Former Department of Health minister Yaung Chih-liang (楊志良) went out with a bang when he revealed that the last official document he signed before stepping down on Monday last week was a lawsuit against TV pundits for allegedly spreading false comments about the A(H1N1) flu vaccine.
As the legal action was filed in the department’s name, Yaung’s move marked the first time TV pundits have been sued by a government agency. This, coupled with the online auction of Yaung’s autographed briefcase for charity — which drew a winning bid of more than NT$5 million (US$169,500) from Taiwanese tycoon Terry Gou (郭台銘) — allowed Yaung to exit in style.
President Ma Ying-jou (馬英九) has lauded Yaung, while Gou said he joined the auction to show his admiration for Yaung’s courage in defending his health policy and his love for the underprivileged. However, a closer look at Yaung’s 18-month in service leaves some wondering whether he has lived up to these comments about his strength of character — or whether it’s nothing more than political grandstanding.
Yaung has described the TV pundits’ discussions about the vaccine as sensationalism and cited them as a reason many Taiwanese are reluctant to get vaccinated. He also said the “vaccine does not differentiate between blue and green,” referring to pro-administration and opposition forces. That was a strange comment, coming from someone who rejected the invitation of those pundits, generally perceived as being pro-green, to go on their show to elaborate on the department’s vaccine policy.
Many may also recall the pledge made by Yaung when he became minister in August 2009. He said then that seeking payment from the Taipei City Government on the debt it owes to the National Health Insurance System was high on his agenda.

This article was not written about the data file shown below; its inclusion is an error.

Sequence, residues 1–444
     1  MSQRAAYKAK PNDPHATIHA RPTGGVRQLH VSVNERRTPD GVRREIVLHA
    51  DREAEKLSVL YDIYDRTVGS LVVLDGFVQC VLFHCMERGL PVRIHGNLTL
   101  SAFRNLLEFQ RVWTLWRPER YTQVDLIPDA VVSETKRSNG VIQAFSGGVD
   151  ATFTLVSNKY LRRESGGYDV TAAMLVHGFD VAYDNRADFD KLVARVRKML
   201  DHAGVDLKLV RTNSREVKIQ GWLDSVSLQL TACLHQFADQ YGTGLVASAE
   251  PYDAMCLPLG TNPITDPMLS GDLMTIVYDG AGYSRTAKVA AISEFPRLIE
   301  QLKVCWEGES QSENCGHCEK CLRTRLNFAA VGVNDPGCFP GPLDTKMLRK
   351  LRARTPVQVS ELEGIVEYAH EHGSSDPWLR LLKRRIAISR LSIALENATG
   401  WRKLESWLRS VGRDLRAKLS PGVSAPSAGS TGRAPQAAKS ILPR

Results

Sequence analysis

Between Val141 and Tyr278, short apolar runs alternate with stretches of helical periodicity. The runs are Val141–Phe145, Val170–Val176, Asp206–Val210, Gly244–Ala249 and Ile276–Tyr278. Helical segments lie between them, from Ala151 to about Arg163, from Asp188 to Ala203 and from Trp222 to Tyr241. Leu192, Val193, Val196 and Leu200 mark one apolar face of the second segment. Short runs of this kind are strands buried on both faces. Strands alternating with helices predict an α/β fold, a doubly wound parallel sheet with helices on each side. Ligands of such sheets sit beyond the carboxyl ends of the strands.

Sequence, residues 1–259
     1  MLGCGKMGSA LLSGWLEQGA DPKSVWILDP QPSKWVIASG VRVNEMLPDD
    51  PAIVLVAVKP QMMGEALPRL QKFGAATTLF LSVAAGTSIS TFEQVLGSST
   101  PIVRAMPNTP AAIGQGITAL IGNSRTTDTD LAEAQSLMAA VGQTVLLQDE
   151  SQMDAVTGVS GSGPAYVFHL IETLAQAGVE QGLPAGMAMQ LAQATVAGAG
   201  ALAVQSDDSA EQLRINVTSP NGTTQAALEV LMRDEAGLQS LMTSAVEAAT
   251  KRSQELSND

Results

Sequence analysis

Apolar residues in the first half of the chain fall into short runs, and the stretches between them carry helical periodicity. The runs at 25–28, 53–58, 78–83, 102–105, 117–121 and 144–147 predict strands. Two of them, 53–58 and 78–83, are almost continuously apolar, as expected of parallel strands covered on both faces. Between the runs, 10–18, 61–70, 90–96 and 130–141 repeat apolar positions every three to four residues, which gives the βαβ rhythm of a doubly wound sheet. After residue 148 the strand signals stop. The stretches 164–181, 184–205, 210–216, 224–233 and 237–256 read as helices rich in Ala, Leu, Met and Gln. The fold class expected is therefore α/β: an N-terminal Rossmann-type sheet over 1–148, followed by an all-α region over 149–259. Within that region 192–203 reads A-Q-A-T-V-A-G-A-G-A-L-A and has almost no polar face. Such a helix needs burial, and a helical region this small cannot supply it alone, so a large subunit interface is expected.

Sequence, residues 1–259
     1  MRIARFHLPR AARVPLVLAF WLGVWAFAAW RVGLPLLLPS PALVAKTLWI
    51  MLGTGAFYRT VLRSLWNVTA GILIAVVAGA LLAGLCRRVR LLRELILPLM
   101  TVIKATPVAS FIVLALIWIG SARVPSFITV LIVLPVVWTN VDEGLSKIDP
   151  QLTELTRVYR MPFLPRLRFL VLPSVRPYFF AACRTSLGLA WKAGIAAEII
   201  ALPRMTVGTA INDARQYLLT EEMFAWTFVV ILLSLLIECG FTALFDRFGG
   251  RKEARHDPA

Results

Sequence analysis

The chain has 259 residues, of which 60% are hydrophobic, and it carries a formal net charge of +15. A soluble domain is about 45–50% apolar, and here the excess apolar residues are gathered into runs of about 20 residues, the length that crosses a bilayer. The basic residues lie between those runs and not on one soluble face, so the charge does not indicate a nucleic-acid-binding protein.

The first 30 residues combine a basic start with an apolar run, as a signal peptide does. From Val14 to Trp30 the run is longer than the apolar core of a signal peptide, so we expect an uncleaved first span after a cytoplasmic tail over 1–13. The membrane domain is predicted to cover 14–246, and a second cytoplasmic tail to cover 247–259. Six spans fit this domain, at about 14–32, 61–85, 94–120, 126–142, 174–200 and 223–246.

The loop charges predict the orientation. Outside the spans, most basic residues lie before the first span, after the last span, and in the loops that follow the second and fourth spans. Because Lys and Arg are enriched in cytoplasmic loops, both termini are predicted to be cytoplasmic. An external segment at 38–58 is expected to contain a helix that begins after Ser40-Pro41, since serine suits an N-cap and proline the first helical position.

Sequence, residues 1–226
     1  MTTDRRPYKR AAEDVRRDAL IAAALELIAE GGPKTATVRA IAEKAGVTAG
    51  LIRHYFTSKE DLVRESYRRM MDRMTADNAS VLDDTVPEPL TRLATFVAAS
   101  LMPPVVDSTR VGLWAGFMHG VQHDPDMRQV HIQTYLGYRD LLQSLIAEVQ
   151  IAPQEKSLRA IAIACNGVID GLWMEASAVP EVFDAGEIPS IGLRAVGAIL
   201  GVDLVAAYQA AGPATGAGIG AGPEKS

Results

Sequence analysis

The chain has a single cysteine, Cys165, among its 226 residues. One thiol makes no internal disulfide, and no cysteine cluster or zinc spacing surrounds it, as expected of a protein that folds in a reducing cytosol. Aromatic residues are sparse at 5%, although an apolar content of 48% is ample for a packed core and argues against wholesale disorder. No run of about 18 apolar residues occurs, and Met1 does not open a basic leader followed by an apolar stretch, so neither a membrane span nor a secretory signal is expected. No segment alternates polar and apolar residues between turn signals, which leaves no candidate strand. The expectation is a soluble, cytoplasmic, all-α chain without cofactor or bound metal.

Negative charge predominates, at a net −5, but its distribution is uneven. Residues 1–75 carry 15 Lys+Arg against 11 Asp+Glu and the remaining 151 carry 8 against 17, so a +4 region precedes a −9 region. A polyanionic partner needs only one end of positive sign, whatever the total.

“The Taipei City Government must pay its debt or the National Health Insurance’s finances will collapse sooner or later,” Yaung said, adding that the city’s debt was the National Health Insurance Bureau’s biggest problem.
However, not only did Yaung shy away from going after Taipei’s debts, the department also remained silent when then-premier Liu Chao-shiuan (劉兆玄) waded into the controversy and said it could not seize the landholdings of local governments to pay for their insurance subsidy debts.
So much for one who prides himself on “sticking to his guns.”
Yaung has won accolades for donating the NT$5 million his briefcase drew, in addition to a personal donation of NT$500,000, to a special account set up by the Bureau of National Health Insurance to help those who cannot afford to pay their insurance premiums.
While the gesture is commendable, hasn’t Yaung thought of how much more he could have done if he had come up with more concrete and timely measures when he was in office to help those in need — some of whom lost their lives because they couldn’t afford to pay their health premiums and seek medical assistance?
On Tuesday, the Control Yuan censured the department for downplaying a probable case of death from Creutzfeldt-Jakob disease last year. Asked for comment, Yaung said: “I can’t be bothered [by the Control Yuan’s report].”
This coming from someone praised by Gou as a public servant who is full of “courage and love.”
Indeed, Yaung has left his public service career with a bang, but it was a hollow bang that continues to be the subject of heated debate.